[SC] Transcript: Personhood Amendment Ruled Non-Germane to Incremental Child-Murder Regulation ‘Heartbeat’ Bill by Republican Speaker Lucas and Republican Pro Tempore Pope on Point of Order – SC House of Representatives, Columbia, SC – April 24, 2019

Christians for Personhood ( CP )
Columbia, South Carolina
June 4, 2019

SC House of Representatives
Columbia, SC – April 24, 2019

Transcript: Personhood Amendment Ruled Non-Germane to Incremental Child-Murder Regulation  ‘HeartbeatBill by Republican Speaker Lucas and Republican Pro Tempore Pope on Point of Order – April 24, 2019

Pro-‘Abortion’ [ !!!??? ] SC Rep. Bamberg (D) offers Personhood Amendment to supplant (replace) all the language of H3020 ‘Heartbeat’ Bill with the language of H3920 Personhood Bill

Selectively Pro -‘ Abortion‘ SC Rep. Clary (R) raises Point of Order on Germaneness


Christians for Personhood:

Human Life begins at CONCEPTION NOT HEARTBEAT !!!

Note: The Republican-Super-Majority SC House passed H3020 Heartbeat Bill on Second Reading April 24 with the Mace rape and incest exceptionsAmendment.  The Republican Speaker Lucas and Republican Pro Tempore Pope ruled out of order the Amendment offered by Pro-“Abortion” [ !!!??? ] Rep. Bamberg (D) to adopt the Personhood Amendment with the exact verbatim language of the 2019 Personhood Bill H3920 in place of all the language of the Incremental Child-Murder Regulation HeartbeatBill which bans NO “abortions” before heartbeat detected.  H3020 was passed out of the SC House on Third Reading April 25, and the bill sent to SC Senate, where H3020 was assigned to Medical Affairs Committe April 25.


Excerpt from Transcript below:

Regarding proposed Bamberg Personhood Amendment to Heartbeat Bill [ which the Republican House Speaker and the Republican Speaker Pro Tempore rejected as non-germane, with no vote taken by the SC House on the Appeal that was made challenging the Speaker’s Ruling by Pro-Personhood Rep. Hill (R) ]:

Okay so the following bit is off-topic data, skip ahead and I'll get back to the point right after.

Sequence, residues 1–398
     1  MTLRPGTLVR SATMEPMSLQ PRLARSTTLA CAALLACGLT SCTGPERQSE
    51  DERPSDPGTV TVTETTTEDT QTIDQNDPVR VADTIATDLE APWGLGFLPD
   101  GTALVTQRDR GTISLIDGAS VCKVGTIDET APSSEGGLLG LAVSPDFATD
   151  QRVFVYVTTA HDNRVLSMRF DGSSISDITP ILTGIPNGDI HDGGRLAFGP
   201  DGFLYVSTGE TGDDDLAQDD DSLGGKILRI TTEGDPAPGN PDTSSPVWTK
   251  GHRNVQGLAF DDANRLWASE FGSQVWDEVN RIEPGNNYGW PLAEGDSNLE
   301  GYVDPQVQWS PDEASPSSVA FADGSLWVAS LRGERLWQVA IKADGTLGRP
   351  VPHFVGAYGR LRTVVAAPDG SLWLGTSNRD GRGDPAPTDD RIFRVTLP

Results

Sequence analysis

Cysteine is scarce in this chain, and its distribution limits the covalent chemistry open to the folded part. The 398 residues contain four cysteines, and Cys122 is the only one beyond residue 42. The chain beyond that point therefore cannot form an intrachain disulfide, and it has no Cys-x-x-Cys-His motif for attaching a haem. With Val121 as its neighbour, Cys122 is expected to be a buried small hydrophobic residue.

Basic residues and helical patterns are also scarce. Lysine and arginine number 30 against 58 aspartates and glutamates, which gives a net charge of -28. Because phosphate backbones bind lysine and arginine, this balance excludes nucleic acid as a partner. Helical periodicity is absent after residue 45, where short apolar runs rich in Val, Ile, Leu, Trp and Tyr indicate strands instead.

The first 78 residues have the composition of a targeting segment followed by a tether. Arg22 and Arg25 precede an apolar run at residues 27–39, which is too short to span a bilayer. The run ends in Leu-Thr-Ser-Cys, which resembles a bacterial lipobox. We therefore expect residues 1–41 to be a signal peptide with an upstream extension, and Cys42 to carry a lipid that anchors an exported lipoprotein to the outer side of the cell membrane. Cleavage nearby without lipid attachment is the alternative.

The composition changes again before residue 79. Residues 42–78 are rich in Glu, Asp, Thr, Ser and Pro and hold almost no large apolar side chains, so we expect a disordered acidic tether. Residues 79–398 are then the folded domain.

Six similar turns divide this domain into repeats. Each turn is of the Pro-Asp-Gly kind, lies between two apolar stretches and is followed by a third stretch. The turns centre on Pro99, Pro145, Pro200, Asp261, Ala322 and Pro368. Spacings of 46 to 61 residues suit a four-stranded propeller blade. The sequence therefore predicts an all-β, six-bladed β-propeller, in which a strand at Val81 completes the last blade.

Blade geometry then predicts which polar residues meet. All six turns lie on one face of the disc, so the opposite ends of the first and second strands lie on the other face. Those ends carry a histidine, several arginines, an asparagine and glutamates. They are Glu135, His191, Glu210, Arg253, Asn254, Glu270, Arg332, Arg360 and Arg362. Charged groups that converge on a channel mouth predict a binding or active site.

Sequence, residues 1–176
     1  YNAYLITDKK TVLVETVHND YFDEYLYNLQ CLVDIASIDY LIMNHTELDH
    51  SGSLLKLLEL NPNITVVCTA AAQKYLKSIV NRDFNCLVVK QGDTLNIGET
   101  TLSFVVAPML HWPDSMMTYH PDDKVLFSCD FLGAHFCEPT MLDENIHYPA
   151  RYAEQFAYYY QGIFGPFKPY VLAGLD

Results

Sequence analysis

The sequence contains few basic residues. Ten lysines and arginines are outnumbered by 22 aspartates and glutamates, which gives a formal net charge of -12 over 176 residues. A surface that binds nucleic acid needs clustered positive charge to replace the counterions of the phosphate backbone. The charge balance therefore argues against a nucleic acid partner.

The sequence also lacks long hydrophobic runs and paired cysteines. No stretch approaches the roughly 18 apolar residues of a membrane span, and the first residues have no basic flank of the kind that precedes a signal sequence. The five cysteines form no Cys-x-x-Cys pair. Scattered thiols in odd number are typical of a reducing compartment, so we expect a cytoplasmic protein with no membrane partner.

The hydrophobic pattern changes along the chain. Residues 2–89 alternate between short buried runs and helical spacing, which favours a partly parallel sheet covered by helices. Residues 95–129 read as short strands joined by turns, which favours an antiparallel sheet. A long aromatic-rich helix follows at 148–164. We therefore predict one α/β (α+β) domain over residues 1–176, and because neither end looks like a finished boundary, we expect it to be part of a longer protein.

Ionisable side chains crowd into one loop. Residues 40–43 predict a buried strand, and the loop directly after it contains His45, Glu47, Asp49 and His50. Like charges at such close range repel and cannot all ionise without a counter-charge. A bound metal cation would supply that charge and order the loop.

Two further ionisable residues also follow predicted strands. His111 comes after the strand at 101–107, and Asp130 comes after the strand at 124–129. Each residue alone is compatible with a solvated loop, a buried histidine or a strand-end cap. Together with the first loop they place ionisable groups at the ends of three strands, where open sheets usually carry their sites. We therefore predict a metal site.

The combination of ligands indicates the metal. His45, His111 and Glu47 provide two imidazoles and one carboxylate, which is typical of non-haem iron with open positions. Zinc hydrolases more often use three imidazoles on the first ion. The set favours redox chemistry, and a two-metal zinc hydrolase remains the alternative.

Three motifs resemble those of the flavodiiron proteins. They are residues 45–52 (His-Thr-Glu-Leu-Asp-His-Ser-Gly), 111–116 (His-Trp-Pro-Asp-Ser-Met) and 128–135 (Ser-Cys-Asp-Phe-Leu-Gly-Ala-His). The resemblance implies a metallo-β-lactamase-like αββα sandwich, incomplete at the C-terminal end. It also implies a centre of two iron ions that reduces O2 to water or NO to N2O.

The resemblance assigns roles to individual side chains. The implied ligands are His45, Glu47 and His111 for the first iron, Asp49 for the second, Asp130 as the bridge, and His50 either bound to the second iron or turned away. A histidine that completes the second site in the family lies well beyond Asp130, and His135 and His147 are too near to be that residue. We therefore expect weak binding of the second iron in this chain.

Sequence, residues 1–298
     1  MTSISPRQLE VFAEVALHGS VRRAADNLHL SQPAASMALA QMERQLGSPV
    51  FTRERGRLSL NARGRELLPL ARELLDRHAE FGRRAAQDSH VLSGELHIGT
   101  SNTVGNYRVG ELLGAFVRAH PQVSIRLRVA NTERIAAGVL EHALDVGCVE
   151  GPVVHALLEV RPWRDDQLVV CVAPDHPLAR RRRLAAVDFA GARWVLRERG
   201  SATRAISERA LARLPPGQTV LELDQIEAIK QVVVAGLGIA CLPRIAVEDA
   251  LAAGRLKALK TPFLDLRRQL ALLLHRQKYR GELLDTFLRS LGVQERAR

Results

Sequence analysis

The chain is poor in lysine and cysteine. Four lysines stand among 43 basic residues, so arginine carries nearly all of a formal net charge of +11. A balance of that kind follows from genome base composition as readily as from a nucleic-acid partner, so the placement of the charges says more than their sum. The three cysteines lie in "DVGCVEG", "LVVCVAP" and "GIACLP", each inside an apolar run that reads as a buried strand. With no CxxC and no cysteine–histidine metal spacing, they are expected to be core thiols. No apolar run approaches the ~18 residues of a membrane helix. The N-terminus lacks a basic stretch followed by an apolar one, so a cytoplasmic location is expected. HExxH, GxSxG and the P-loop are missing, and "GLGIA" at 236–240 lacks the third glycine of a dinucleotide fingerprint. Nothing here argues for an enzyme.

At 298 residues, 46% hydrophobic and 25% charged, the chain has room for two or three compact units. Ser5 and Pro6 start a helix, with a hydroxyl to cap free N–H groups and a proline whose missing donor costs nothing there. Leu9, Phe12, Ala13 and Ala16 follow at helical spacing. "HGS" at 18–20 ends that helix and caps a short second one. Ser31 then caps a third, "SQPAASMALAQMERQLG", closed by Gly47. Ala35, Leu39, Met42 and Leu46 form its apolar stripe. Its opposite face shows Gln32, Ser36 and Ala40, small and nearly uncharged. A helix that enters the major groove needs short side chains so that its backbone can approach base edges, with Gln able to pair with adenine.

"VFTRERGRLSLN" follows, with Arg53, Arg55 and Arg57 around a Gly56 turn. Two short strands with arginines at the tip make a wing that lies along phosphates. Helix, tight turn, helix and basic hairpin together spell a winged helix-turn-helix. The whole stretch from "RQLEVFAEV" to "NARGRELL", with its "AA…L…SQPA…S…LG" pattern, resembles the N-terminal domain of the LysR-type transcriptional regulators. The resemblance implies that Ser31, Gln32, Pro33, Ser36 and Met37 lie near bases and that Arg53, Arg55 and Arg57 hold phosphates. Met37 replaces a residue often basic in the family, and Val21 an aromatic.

Rep. Bamberg: 
I would, Mr. Speaker, I would definitely agree that the [Personhood] Amendment is broader-based, and I think affords more protections to the unborn fetuses.  It does not specifically speak to the “abortion” procedure, because I think the language as it’s written, would effectively abolish all “abortions”.  [emphasis, word “Personhood” added]


(Photo) ‘I AM A PERSON’ – 7 weeks from conception


Read (or listen and view below) the words of Pro-“Abortion” Rep. Bamberg (D) as he basically challenges the Republican Super-majority SC House to change “Heartbeat” Bill H3020 completely into the language of Personhood Bill H3920 !!!???

SC House: Personhood Amendment Ruled Non-Germane to Incremental Child-Murder Regulation HeartbeatBill by Republican Speaker Lucas and Republican Pro Tempore Pope on Point of Order – April 24, 2019

( AUDIO ) Rep. Bamberg (D) Amendment No. 2 ( Personhood Bill ) to H3020 Heartbeat Bill
Wednesday, April 24, 2019
Floor of SC House of Representatives, SC State House, Columbia, SC

[ Video available at SC Legislature Video Archives,
Wednesday, April 24, 2019  10:00 am
House of Representatives — House of Representatives – Part 2
   Begin at Video time 33:40 ]


South Carolina LegislatureArchivesVideo Archives

Wednesday, April 24, 2019  10:00 am
House of Representatives — House of Representatives – Part 2
Video – 2:59:07

[ BEGIN at Video time 33:40 ]

Speaker Lucas:  All right, we’re on Amendment 2.  Mr Bamberg is recognized on the Amendment.

Rep. Bamberg:  Thank you, Mr. Speaker.  This particular amendment, we’ve had ongoing debate here today and throughout committee with regards to “abortions”, and a lot of this stems from the discussion about when life begins, when life doesn’t begin, the science behind it, and there’s discussion with regards to constitutionality, and Roe v. Wade, and when a woman’s right to choose arises, and is there a viability.
This particular bill seeks to cut that down and go off a six-week time in which some say fetal heartbeats can be detected.  What we are proposing in this particular amendment is to, in this State, end the discussion about when life begins, or what constitutes a [sic] unborn child, or what constitutes a fetus or embryo or a zygote.  And we’ve heard time and time again about how important of an issue this is, and that’s one reason why, ya know, those of us have spoken on this, and there have been some heated debates and heated discussions.  What this particular amendment does, effectively changes the bill that is before us, and some may refer to this as “personhood”.  And I want to take a second, and I want to go through this for those of you, there are some other abortion bills that have been filed in the House or in the Senate. There are bills that discuss when a woman has a right to choose and when she doesn’t.  And what this does, it puts, puts that to bed officially.  And what I’m asking this Body to do, is to stand by the political stances that are taken, stand by the religious stances that are taken, and officially, officially protect unborn children, or fetuses, whichever you want to refer to it as, at the moment of conception.  The moment of fertilization is something that everyone understands and everyone can agree with is that, we find ourselves in a position where scientifically speaking …